XCOM: Enemy Unknown Hands-on Multiplayer Preview -- Human InvasionBy Miguel Concepcion - Posted Aug 16, 2012
"Two possibilities exist: Either we are alone in the Universe or we are not. Both are equally terrifying." This Arthur C. Clarke quote is what greets you upon firing up the single player mode in XCOM: Enemy Unknown. It sets the tone for a very effective, concise, and above all, dramatic opening cutscene of an alien invasion. XCom developer Firaxis for gets to the point and there’s very little time for mystery: these oddly shaped creatures aren't from around here and they're hostile.
This latest preview session of Enemy Unknown first took me to the single-player campaign as I took tutorial orders in guiding a squad to one of the locales of the first extra-terrestrial disturbances: Hamburg, Germany. The mechanics will be familiar to anyone who has dabbled in strategy RPGs, where different actions cost different turn units. In XCOM, you can move to nearby cover and attack in the same turn or you can spend a character's turn dashing a long distance.
Similar to Valkyria Chronicles, the sense of immersion is maintained by not having movement grids. XCOM instead uses multiple movement ranges, one for the distance you can go if you dash, another for shorter distances that will allow you to attack in the same turn. And with any deep, tactical game, there are both environmental variables to consider, not to mention strategies involving flanking enemies to increase one's accuracy.
Firaxis could have easily focused on just recreating the classic XCOM gameplay, satisfying the majority of the fans of the original title. Yet the studio also devoted time and resources to load Enemy Unknown's story mode with a ton of cinematics. From Shining Force to the upcoming MechWarrior Tactics, many strategy games feature most of their dramatic moments in brief dramatic cutaways of the battle. With Enemy Unknown, it's easy to notice that Firaxis took a lot of care in crafting its cinematics, even when characters are not in attack phases.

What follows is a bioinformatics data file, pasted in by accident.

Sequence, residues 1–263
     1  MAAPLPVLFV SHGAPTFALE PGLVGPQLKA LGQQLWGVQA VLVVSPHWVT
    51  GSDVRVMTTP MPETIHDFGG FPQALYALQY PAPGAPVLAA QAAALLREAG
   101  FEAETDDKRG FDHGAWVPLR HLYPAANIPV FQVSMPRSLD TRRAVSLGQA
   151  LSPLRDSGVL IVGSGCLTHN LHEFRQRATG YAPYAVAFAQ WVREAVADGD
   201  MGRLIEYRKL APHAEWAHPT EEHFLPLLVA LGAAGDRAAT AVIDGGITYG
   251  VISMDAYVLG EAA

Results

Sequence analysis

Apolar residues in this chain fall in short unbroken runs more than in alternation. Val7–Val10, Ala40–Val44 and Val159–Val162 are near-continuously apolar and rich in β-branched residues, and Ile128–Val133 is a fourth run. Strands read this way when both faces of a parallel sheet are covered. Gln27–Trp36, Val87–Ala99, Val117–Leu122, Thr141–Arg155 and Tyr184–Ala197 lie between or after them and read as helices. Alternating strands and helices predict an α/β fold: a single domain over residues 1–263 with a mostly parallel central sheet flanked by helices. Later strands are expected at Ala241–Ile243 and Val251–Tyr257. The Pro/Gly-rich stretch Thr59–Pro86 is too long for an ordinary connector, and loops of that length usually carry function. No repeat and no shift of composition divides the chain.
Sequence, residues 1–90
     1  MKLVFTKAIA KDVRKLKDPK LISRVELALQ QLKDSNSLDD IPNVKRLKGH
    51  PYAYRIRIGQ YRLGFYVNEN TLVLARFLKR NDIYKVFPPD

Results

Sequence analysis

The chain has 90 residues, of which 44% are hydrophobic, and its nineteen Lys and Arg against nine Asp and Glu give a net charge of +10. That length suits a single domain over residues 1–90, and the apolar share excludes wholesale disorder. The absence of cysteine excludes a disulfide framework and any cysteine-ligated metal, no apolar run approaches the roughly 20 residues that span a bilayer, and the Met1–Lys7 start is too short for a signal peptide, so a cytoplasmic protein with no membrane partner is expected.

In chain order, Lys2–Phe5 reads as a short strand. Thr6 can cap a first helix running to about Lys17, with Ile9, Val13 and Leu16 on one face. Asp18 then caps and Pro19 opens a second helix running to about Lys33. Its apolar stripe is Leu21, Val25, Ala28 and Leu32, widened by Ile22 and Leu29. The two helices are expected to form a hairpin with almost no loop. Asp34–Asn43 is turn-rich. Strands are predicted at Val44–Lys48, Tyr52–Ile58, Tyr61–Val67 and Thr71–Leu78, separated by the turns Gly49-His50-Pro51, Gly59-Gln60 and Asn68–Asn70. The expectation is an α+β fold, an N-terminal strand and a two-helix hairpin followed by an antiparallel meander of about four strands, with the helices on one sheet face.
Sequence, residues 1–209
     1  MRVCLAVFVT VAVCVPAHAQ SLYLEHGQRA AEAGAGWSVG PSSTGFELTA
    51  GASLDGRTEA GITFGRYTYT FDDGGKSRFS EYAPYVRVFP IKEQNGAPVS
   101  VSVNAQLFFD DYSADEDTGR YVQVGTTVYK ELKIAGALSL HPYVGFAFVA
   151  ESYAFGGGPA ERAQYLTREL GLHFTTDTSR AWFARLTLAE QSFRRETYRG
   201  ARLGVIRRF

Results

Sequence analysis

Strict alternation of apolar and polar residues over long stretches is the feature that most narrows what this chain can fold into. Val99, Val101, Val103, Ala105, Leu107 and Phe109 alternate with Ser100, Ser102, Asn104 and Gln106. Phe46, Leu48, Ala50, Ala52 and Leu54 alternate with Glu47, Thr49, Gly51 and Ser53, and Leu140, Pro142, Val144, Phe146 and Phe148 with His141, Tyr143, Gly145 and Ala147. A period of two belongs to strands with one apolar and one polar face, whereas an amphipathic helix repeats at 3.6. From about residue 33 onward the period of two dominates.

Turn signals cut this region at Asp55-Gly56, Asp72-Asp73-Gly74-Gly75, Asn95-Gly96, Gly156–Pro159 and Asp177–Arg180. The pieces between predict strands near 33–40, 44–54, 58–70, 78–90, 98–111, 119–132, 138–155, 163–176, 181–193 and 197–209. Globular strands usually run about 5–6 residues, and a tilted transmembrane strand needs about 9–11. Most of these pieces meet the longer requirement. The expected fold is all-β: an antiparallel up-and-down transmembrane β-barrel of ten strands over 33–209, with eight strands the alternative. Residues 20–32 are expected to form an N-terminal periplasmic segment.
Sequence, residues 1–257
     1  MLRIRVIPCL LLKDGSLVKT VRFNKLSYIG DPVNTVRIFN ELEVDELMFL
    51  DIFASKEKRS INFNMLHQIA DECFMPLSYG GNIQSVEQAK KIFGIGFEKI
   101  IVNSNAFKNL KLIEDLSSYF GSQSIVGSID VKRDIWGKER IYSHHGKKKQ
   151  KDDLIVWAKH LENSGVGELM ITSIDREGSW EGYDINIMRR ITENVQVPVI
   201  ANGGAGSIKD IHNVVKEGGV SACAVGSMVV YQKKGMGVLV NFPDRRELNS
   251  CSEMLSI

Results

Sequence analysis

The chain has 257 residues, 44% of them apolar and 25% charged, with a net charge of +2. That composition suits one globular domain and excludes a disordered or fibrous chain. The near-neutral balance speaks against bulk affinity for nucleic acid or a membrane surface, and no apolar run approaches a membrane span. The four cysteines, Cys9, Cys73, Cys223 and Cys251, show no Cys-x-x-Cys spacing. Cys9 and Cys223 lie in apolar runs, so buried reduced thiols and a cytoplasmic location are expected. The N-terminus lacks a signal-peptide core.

Even if the studio didn't preemptively storyboard these camera angles, you can tell they put thought into giving these shots dramatic flair with such techniques such as low camera positioning and dutch tilting. The best and most important component of these scenes is the lack of load times from gameplay to cinematic, whether a gunner is shooting from cover or a support class is leaping through a window.
The characters are realistically proportioned though their intentional lack of detail give them an almost cartoony look to them. I think it fits the game, especially when juxtaposed alongside the merciless scenes of brutality at the hands of the aliens. Don't be surprised if a supporting character (or two) die earlier than you expected.
This story driven feel goes beyond the battles. Back at base, my commander made mention of a soldier's performance in the last mission and thinks I should give him a promotion. In other words, this was time for me to learn how to upgrade my operatives. Making the most of your time at your base in between battles will be crucial, not mention where you decide to establish your base after the first mission. Each continent has its advantages, whether you want a 50 percent discount on aircraft and aircraft weapons in a North American base, a 30 percent funding boost in Africa, or instant autopsy/interrogation results in South America.